Terror Firma by Matthew Thomas
Paperback - 437 pages ( 2 January, 2001) Voyager; ISBN: 0007100221
Review by John Berlyne
Check out this book at: Amazon US / Amazon UK

Those of us who get our kicks from the more high brow literature of genre fiction tend to be a bit snobby about the success of TV shows like The X-Files and their unstoppable merchandising juggernauts. The brand name tea-towels and calendars and cutlery do cheapen the product to some extent but these huge name shows also produce their own spin-off fiction. Many of the writers who jump on this bandwagon are hardly house-hold names but if you scan the back lists you will see one or two that will surprise you by their presence. Vonda McIntyre, Joe Haldeman and K.W Jeter for example have all written Star Trek novels. Terry Bisson has an new (rather slim) X-Files novel out this month in the UK. (Miracle Man - HarperCollins Entertainment. ISBN 0-00-648355-0. £3.99).

All this is a roundabout way of getting into reviewing the new novel by Matthew Thomas (a pseudonym) - Terror Firma. This has just been released in the UK as a paperback original (with cover art also by Thomas!). Published by HarperCollins/Voyager, ISBN 0-00-710022-1, priced £5.99. I guess my preamble is relevant here in so much with Terror Firma being a humorous novel about conspiracy theories, Thomas almost certainly wouldn't have written it if it were not for The X-Files. That is not say that Terror Firma is a homage to the show, nor is it obviously based on it in any way - but it is certainly aimed (tongue-in-cheek) at the same market.

Terror Firma has an intentionally clichéd plot which I won't spend too much time explaining. We're talking crashed UFO's, alien abductions, government conspiracies, Black Ops, religious cults - all the usual stuff. What Thomas offers in addition to this is a top tier - a definitive highest level of conspiracy. "The Committee" is a collection of 300 shadowy individuals (under the leadership of a particular dear old lady who happens to live in a large palace in central London) and these are the people who are really in control. It is they that control all our governments, who orchestrate all disinformation and they are doing it for their own dastardly ends.

It takes a while for Thomas go get all this up and running and he does so eventually through a succession of dysfunctional protagonists - again all intentionally (I hope!) rather clichéd. We have Frank MacIntyre, a former US special forces soldier and hyper-paranoid killing machine. Frank spends much of the novel attempting to keep the putrefying corpse of a deceased (but genuine) alien "Gray" from falling into the wrong hands. To help him with this task he enlists Dave Pierce - a bewildered British UFO watcher very much in the Arthur Dent mould. The two of them, together with Dave's TV researcher friend and would be love Kate, team up with one Becker, a man once part of the infamous Committee and having discovered their true nature now devote his energies to putting a spanner in their works. A number of "capers" ensue including a denouement involving a set of aliens straight out of Lovecraft.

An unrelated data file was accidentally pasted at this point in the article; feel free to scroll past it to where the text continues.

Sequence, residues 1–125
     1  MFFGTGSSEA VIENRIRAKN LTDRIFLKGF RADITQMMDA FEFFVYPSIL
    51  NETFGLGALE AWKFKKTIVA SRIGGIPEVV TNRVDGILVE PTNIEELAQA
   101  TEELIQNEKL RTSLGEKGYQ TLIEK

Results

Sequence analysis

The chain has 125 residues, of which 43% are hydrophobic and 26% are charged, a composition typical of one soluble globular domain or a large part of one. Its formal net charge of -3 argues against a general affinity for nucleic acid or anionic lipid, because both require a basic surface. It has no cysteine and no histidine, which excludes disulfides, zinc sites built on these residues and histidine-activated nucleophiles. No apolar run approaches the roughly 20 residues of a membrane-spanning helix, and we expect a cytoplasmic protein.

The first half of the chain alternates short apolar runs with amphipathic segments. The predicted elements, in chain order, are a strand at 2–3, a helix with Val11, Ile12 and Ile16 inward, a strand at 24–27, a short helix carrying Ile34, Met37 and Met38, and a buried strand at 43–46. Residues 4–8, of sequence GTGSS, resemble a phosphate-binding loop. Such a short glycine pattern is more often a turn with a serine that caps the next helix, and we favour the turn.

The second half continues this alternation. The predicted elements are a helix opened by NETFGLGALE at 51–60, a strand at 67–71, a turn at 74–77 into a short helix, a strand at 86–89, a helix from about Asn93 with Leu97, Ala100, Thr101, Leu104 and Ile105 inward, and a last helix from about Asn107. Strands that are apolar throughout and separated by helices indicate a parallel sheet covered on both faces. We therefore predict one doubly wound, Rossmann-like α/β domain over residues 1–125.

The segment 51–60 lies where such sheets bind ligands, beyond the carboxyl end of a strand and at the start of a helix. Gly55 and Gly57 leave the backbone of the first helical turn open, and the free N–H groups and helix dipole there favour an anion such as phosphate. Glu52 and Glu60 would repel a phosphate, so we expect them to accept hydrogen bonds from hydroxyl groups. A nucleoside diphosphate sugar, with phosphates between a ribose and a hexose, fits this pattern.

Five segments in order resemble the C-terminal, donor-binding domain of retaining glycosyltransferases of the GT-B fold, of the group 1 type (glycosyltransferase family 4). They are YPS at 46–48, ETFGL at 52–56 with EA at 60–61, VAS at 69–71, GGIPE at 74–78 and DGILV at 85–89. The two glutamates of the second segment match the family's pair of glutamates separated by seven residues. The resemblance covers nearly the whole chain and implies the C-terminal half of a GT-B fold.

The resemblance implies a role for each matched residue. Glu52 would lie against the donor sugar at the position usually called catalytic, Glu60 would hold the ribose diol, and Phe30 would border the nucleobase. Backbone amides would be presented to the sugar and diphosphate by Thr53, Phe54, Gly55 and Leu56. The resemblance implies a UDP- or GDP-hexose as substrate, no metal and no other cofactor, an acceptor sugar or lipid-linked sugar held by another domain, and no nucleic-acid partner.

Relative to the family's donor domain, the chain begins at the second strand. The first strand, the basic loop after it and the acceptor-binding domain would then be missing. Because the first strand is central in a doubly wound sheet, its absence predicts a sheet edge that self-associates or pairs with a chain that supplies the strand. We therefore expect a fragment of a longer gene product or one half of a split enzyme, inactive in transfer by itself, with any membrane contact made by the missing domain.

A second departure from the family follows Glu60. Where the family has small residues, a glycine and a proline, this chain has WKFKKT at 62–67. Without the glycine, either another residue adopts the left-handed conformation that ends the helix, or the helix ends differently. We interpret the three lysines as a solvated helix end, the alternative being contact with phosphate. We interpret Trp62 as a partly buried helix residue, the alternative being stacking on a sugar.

An awful lot is crammed into Terror Firma. Thomas leaves no modern day conspiracy theory out of the picture - GM foods, Elvis, Kennedy, even the apparent world domination of Pokemon - everything gets in somewhere. The net result is a feeling of overcrowding and consequently this book seemed to take an age to get through - and I'm a pretty fast reader. I got the impression too that Thomas has written this very much with the commuter in mind. The novel comprises of 64 rapid-fire chapters each of which might take you the length of a short tube journey to digest. Taking in the whole thing in just a couple of sittings though and you start to wonder when he's going to get to the point.

Thomas has a wry sense of humor but he has a long way to go before he becomes as skilled as other satiric Brits writing in the genre. On the strength of Terror Firma though, it's fair to say that he could one day get up there alongside Adams and Pratchett. For the moment though he still lacks their lightness of touch. Much of Thomas's jokes and amusing similes seem slightly leaden and over-cooked. He hits the target more often than not and if you read Terror Firma you'll laugh - but probably not as much as the author wants you to.